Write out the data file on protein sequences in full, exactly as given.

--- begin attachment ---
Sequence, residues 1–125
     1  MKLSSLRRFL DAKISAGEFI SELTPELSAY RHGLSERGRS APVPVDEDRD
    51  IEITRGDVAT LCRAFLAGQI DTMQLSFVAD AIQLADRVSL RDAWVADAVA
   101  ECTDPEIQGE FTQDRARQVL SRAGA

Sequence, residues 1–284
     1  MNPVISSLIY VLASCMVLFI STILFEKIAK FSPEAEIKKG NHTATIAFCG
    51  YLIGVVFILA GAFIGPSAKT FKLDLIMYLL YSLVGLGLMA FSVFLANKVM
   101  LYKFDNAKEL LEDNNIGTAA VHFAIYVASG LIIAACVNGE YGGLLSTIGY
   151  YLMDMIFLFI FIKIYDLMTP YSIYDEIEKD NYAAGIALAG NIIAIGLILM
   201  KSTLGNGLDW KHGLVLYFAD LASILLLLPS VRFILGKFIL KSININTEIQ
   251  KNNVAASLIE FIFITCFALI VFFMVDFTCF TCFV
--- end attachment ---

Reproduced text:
Sequence, residues 1–125
     1  MKLSSLRRFL DAKISAGEFI SELTPELSAY RHGLSERGRS APVPVDEDRD
    51  IEITRGDVAT LCRAFLAGQI DTMQLSFVAD AIQLADRVSL RDAWVADAVA
   101  ECTDPEIQGE FTQDRARQVL SRAGA

Sequence, residues 1–284
     1  MNPVISSLIY VLASCMVLFI STILFEKIAK FSPEAEIKKG NHTATIAFCG
    51  YLIGVVFILA GAFIGPSAKT FKLDLIMYLL YSLVGLGLMA FSVFLANKVM
   101  LYKFDNAKEL LEDNNIGTAA VHFAIYVASG LIIAACVNGE YGGLLSTIGY
   151  YLMDMIFLFI FIKIYDLMTP YSIYDEIEKD NYAAGIALAG NIIAIGLILM
   201  KSTLGNGLDW KHGLVLYFAD LASILLLLPS VRFILGKFIL KSININTEIQ
   251  KNNVAASLIE FIFITCFALI VFFMVDFTCF TCFV